By Ken Tucker
October 20, 1995 at 04:00 AM EDT

This season, you can have what amounts to a supernatural sandwich every Friday night. Fox’s X-Files is the meaty filling at 9 p.m.; it’s flanked by Strange Luck (Fox, Fridays, 8-9 p.m.) and American Gothic (CBS, Fridays, 10-11 p.m.).

In Strange Luck, D.B. Sweeney wears a wrinkled trench coat and a hangdog expression as Chance Harper, a newspaper photojournalist who can literally do no wrong: Thirty years ago, when he was just a tot, he was the only survivor of a plane crash. Ever since then, his life has been a series of coincidences — wherever he goes, he meets up with people down on their luck, and his good fortune rubs off on them. The premise is vague yet just intriguing enough to make the show compelling, even though it constantly verges on silly cuteness. In a recent episode, for instance, Chance tried to save an innocent man from being executed for murder. The murder weapon that would prove the prisoner’s innocence had been hidden for years inside the door of an old taxicab…and — wouldn’t you know it — Chance just had a fender-bumper with an old yellow cab that very day!

Sweeney is more grumpy than heroic, and he spends entirely too much time at the Blue Plate Cafe trading cliches with a world-weary waitress played by Frances Fisher (Unforgiven). In one early episode, Fisher actually said, ”There’s more than one way to skin a cat.” Pam Gidley, dolled up to look like a Veronica Lake wannabe, is around as the photo editor of Chance’s paper. Neither Fisher nor Gidley seems at all surprised by the hero’s ongoing run of strange luck.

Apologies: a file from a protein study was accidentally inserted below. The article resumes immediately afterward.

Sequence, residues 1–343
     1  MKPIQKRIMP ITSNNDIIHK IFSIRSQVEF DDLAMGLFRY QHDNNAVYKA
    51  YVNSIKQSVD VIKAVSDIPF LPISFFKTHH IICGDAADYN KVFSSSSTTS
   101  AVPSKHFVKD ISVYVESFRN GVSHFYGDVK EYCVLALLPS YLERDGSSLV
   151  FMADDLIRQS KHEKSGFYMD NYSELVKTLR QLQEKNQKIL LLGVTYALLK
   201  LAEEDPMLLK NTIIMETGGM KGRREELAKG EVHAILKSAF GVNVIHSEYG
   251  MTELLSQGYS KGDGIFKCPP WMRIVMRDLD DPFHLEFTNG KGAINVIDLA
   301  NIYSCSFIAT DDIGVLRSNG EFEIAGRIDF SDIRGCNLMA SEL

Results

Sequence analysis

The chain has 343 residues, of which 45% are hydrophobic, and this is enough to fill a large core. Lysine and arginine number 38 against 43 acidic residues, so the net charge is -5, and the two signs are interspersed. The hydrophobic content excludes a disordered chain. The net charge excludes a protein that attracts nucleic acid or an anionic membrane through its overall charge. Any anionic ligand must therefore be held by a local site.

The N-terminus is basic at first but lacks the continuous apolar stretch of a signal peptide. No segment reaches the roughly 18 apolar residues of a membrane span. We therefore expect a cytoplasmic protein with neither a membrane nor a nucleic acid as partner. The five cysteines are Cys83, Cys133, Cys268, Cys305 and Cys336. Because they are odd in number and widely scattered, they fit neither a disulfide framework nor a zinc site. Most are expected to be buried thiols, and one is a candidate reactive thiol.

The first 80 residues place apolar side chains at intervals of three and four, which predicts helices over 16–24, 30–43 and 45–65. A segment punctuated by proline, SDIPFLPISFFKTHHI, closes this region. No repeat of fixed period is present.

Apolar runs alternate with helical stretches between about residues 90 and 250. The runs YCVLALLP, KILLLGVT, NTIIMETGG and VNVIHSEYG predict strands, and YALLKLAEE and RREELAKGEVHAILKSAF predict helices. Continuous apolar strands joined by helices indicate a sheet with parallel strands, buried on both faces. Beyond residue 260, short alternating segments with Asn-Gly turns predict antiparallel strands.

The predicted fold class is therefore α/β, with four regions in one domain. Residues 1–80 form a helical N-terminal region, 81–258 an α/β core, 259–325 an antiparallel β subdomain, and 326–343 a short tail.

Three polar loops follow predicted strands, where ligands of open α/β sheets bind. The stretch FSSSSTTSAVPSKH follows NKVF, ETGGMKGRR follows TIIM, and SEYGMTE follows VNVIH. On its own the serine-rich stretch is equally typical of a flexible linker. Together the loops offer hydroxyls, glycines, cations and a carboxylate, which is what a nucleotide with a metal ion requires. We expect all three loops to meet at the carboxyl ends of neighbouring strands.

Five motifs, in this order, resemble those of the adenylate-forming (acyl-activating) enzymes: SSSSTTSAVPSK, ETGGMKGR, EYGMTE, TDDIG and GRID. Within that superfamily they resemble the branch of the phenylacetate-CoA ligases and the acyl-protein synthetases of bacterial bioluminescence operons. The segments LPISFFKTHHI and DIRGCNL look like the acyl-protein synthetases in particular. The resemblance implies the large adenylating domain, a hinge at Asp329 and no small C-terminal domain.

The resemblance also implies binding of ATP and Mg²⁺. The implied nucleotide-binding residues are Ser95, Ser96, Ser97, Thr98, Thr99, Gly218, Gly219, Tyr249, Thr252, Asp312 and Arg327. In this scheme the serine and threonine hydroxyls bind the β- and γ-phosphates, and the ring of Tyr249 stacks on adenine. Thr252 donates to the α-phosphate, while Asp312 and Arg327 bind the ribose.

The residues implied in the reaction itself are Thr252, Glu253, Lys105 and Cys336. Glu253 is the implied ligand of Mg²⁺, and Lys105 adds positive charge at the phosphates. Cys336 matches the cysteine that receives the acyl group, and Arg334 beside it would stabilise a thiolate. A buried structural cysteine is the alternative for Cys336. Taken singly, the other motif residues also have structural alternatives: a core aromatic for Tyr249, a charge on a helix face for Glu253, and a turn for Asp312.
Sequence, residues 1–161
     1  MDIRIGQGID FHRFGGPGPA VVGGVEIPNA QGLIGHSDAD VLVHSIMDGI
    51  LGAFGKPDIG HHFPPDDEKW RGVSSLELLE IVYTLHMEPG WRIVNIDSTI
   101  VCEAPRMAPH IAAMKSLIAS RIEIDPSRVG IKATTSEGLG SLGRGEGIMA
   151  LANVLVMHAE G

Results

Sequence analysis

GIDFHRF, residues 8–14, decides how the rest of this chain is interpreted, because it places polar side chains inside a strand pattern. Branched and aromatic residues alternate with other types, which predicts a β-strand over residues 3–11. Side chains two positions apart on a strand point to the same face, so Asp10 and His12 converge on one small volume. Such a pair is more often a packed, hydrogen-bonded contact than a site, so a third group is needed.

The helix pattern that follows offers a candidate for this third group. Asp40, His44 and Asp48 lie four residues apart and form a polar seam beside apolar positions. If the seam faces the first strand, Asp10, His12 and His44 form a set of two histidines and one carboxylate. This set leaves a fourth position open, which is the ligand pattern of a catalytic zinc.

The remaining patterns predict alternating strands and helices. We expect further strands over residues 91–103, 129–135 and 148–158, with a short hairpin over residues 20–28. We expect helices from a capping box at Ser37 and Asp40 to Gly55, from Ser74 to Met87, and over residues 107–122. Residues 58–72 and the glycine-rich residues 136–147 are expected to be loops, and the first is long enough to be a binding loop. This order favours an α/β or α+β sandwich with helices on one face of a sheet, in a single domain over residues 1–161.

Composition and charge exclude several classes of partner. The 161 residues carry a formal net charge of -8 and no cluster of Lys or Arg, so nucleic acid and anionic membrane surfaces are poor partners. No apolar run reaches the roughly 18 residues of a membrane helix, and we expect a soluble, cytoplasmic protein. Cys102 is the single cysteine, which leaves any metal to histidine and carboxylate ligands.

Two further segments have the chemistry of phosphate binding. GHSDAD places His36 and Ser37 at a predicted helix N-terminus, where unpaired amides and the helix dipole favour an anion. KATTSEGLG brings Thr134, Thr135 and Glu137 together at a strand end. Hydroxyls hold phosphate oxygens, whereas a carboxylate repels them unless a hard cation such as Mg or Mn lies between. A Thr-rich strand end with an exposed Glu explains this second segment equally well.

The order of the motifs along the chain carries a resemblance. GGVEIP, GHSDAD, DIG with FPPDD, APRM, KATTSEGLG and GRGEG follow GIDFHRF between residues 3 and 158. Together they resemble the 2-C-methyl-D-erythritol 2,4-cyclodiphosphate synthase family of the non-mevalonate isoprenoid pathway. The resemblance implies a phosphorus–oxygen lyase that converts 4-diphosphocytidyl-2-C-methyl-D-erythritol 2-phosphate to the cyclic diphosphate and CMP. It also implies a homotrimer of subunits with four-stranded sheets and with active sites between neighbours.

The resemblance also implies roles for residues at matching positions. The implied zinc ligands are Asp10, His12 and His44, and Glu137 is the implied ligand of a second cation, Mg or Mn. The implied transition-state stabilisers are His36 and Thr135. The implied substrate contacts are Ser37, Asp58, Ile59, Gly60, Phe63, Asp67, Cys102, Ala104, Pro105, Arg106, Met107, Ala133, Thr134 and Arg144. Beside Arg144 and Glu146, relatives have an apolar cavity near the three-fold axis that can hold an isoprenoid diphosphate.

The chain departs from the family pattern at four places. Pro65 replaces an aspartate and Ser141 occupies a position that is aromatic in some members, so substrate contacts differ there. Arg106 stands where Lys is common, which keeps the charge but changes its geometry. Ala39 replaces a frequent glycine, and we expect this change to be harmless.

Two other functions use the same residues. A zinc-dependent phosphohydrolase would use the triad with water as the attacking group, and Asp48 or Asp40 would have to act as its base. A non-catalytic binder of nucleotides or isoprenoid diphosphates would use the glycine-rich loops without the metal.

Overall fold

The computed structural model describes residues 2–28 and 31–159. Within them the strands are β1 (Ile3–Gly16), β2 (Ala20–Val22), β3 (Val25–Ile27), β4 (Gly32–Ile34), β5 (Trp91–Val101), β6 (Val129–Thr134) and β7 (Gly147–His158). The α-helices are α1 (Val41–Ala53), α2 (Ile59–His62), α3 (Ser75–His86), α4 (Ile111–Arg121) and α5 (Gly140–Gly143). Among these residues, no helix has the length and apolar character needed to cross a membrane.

A similarly improbable unawareness infects American Gothic, in which Gary Cole plays Lucas Buck, sheriff of Trinity, S.C. Buck is a bully who might also be Satan. He murders and blackmails people, and when the words ”Someone is at the door” suddenly appear, written in blood on a wall, the someone turns out to be Buck, bursting in to wreak havoc with a devilish grin. In this show, created by Shaun Cassidy, we’re supposed to believe that the vast majority of the small-town population thinks Buck is just a dandy fellow; only outsiders, such as a reporter played by Paige Turco, and the victims of Buck’s wrath, such as a small boy played by Lucas Black, suspect the sheriff of wrongdoing. At this point, it looks as if a primary plot will be Buck’s pursuit of the boy, whom he wants to adopt for, um, God knows what reasons.

Cole is good — he never overdoes a florid role. And Black is even better — a fine child actor capable of conveying difficult emotions like shame and scorn. But the show itself is just Twin Peaks without conviction — lots of ominous music in the background, lots of toned-down horror-movie effects in the foreground. Consume this supernatural sandwich and you’re liable to end up thinking you should have thrown away the bread. Strange Luck: C+ American Gothic: C

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